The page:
Touching little lives
In the last two months, I’ve had the opportunity to look at two great medical projects that have quite a lot in common. Both are undertaken by the “richer” Rotary Districts located in the two most prosperous and powerful metros of India — Delhi and Mumbai — Districts 3012 and 3141. First of all, both want to change the lives of children; secondly, both have their District Governors as well as Rotarians fired up with the enthusiasm, energy, passion and almost a crusading spirit to push the boundaries as far as possible, in these two mega humanitarian projects.
In Delhi, I found a very enthusiastic and excited DG of 3012, Sharat Jain, all fired up to embrace and enlarge the scope of the project started by the Rotary Club of Delhi Riverside to give the gift of hearing to children who were either born hearing deficient or had turned deaf due to some infection or disease. Running as it does the Rotary Institute for Special Children, it was a natural fit for the club to get involved in the passionate pursuit of ENT Surgeon Dr J M Hans, a Padmashri recipient, to fit such children with cochlear implants and help them to get back their hearing, and then speech. The cover story tells you all about how after witnessing the dramatic difference the implant made in these little lives — often, in villages, such hearing handicapped children, who can’t speak, are classified “mad” and locked up in houses — the DG has thrown his weight behind this project, naming it One More Life. Using Rotary’s “cascading effect”, he hopes to multiply the project’s reach and raise at least Rs 1 crore by the end of his term to help many more children.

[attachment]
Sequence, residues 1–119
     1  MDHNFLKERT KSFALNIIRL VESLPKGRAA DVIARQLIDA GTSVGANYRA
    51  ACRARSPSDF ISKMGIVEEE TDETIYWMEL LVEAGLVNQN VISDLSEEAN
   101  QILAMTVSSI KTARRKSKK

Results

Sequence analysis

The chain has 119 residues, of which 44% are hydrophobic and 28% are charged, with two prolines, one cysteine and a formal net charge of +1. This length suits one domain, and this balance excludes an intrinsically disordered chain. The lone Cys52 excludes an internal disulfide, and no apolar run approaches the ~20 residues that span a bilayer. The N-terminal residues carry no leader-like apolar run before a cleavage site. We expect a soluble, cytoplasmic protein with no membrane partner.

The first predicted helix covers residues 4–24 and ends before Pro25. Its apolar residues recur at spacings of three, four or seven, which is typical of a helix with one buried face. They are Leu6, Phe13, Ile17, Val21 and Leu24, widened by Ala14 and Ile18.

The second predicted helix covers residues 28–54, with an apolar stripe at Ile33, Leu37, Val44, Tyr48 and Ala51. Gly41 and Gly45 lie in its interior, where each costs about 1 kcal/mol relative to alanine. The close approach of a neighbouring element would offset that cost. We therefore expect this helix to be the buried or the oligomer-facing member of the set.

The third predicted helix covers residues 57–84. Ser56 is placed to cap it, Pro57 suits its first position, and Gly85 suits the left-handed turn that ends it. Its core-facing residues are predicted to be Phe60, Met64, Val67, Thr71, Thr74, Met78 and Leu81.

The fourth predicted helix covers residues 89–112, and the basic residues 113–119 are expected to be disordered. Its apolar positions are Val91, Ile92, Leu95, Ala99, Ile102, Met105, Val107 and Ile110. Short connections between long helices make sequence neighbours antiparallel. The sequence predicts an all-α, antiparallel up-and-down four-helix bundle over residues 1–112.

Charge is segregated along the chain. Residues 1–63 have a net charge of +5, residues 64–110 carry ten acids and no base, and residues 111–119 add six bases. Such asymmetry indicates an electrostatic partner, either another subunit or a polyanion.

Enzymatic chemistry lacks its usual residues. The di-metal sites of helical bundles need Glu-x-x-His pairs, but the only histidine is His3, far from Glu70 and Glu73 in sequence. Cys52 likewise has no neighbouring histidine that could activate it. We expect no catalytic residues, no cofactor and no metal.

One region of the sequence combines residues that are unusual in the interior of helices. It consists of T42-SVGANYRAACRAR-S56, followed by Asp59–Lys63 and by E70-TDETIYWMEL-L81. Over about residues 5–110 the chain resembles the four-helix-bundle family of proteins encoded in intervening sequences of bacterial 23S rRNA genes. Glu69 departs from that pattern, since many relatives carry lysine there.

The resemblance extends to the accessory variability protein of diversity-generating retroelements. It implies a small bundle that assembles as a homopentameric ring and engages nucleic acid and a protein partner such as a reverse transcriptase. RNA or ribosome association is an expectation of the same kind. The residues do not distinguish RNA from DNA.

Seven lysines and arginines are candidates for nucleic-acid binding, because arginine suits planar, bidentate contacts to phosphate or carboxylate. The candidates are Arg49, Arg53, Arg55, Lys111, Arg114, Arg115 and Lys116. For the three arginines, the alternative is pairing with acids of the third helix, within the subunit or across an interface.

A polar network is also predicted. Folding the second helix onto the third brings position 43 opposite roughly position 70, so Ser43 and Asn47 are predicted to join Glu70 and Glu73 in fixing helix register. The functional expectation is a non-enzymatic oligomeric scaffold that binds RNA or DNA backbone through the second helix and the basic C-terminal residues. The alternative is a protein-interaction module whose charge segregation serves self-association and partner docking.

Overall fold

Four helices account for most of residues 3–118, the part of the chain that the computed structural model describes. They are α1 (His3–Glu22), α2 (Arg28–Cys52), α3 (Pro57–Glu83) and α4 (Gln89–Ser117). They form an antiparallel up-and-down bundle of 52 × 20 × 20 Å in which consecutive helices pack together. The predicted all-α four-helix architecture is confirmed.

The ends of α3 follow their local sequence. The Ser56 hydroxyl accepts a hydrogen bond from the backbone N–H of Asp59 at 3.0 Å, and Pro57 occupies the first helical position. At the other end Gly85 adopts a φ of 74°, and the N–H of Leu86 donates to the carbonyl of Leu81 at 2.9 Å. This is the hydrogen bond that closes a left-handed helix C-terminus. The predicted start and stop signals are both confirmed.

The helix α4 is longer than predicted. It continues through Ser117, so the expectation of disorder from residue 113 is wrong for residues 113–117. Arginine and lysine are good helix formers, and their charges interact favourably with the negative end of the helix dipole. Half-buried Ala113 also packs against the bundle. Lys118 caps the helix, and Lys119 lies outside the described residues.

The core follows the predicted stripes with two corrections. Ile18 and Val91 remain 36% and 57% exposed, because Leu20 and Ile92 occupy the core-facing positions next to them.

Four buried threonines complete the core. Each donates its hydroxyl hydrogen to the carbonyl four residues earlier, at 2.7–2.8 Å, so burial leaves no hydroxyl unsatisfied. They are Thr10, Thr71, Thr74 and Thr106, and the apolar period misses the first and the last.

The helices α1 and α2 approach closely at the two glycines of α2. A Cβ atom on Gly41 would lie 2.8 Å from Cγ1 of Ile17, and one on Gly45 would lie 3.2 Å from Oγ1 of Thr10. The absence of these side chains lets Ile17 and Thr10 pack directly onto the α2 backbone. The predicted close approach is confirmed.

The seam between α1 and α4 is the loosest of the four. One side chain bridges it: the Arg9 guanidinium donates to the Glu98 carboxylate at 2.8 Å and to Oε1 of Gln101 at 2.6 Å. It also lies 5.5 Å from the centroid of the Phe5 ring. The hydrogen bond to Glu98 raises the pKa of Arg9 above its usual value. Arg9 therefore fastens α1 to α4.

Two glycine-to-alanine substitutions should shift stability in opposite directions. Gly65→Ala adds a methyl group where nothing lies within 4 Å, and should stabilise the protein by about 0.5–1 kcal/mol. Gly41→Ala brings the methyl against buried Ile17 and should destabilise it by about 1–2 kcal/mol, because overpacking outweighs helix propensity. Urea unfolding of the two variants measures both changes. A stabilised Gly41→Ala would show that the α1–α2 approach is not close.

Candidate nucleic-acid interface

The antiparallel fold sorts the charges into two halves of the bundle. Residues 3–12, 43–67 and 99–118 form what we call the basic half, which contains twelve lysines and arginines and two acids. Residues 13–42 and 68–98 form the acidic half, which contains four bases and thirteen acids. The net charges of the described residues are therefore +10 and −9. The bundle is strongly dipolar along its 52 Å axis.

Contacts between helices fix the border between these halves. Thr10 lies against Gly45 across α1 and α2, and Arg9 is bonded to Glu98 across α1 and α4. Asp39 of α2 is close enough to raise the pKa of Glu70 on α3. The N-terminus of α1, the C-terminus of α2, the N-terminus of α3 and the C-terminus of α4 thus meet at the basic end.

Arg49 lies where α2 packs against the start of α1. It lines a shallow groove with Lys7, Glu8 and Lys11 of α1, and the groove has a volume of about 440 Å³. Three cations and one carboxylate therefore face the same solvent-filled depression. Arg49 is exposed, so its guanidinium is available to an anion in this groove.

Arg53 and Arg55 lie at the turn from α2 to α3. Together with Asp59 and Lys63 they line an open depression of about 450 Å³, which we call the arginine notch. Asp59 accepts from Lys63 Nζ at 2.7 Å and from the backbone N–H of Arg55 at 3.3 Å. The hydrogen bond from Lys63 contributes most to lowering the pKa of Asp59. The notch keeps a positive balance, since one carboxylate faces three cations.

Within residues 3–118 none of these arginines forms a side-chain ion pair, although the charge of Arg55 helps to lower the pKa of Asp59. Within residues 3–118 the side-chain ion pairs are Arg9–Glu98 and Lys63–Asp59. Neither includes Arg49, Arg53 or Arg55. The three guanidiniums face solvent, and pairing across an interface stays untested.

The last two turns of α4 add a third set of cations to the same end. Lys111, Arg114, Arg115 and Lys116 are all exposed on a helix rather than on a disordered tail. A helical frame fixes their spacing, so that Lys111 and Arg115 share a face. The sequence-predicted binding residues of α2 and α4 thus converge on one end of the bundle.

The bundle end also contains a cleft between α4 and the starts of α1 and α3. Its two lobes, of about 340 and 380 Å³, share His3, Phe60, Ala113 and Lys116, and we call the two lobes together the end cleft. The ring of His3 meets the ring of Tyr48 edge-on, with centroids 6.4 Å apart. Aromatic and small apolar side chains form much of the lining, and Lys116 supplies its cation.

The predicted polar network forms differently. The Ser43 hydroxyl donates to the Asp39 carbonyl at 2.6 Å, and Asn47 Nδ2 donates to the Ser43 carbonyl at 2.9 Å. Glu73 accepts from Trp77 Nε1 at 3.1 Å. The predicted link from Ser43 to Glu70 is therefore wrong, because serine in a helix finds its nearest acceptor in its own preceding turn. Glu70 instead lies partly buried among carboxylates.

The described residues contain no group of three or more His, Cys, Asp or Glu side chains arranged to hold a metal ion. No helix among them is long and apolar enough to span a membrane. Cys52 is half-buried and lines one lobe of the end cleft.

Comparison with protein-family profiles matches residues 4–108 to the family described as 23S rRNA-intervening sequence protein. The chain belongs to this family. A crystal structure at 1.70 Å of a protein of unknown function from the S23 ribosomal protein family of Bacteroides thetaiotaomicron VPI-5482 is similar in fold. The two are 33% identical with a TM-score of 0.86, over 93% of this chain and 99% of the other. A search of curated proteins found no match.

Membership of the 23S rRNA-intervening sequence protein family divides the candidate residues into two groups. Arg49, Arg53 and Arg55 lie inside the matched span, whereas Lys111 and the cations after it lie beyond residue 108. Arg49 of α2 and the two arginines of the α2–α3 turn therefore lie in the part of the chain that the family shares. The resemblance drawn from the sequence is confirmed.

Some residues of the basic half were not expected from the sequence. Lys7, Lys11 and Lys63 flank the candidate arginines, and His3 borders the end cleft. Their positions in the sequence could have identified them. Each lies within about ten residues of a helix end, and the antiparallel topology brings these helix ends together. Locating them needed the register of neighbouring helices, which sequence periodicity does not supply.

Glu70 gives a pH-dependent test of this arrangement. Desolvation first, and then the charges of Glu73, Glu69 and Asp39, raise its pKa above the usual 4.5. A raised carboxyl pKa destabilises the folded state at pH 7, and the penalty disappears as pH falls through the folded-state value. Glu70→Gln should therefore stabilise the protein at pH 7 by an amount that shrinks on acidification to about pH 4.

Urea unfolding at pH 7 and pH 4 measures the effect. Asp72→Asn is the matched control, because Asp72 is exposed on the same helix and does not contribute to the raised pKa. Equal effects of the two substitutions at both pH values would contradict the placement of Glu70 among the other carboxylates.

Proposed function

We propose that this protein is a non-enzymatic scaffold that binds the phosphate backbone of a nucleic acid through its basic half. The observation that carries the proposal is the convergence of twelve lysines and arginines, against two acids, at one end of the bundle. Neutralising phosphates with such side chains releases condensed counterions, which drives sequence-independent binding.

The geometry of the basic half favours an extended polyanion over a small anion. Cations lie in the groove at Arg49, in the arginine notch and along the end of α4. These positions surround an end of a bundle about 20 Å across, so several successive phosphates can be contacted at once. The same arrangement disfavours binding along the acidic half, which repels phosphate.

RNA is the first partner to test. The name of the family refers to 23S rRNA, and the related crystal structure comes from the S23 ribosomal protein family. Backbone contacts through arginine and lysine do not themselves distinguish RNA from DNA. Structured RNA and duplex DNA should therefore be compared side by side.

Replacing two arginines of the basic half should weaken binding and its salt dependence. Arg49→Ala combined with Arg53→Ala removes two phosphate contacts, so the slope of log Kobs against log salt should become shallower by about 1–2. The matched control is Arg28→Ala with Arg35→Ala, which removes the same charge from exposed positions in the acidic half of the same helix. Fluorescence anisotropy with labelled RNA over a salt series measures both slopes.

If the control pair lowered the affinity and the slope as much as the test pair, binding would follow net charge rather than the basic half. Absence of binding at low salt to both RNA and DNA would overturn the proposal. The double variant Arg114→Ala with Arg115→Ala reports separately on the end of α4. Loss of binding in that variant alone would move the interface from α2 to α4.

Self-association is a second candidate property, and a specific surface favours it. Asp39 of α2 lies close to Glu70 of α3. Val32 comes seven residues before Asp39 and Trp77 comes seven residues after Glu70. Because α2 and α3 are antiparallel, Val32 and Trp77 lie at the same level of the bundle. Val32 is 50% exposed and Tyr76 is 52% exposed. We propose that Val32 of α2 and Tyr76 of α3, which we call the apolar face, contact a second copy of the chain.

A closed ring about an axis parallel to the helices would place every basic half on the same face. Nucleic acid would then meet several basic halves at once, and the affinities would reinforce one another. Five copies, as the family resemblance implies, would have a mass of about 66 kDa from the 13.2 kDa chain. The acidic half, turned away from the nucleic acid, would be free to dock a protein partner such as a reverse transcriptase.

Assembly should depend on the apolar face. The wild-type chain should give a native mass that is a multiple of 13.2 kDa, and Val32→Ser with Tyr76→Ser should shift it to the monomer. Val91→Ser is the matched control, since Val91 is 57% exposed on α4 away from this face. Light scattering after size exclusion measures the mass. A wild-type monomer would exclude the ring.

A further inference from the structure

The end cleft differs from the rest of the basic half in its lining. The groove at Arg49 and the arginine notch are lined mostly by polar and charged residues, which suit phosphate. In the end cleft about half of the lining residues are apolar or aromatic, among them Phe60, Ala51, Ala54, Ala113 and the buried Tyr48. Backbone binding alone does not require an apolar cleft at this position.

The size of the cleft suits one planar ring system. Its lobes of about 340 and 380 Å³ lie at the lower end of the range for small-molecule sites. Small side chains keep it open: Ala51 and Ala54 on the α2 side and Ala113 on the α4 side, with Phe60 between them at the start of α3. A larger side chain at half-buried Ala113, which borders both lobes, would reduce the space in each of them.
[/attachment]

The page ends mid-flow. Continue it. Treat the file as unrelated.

In Mumbai, I found matching passion and commitment in District 3141 DG Gopal Rai Mandhania, who has embraced the Touching Little Hearts project, wherein several clubs raise money to help perform paediatric heart surgeries to save the lives of children from poor families, who can never afford such care under the best of medical facilities. At the swank Kokilaben Dhirubhai Ambani Multispecialty Hospital, I met a bunch of Rotarians who devote their time, energy and help raise funds for operating children with heart disease. Some of the babies who are operated upon are barely a few days or weeks old, and the gratitude that you see in the parents’ eyes tells you stories that words cannot convey.
In both these projects, much more than the funds raised, it is personal interest, relentless work and follow-up action, done by a band of Rotarians that is giving hope to the hopeless. One refrain I heard repeatedly in both Delhi and Mumbai was: Raising money is not a problem; money, however big the sum, comes if there is focus, commitment, passion and direction, and if the cause is the right one. If in the cochlear implant project Dr Hans, whose life’s passion has been to do these surgeries, is the rallying point, in the paediatric heart surgeries, it is the dedication of the smiling, soft-spoken Paediatric Heart Surgeon Dr Suresh Rao that inspires Mumbai’s Rotarians to raise funds and provide all other required support to ensure that this year 100 little hearts will be healed. While the cochlear implant story is covered in this issue, the article describing the D 3141 project will be covered in a subsequent issue of Rotary News.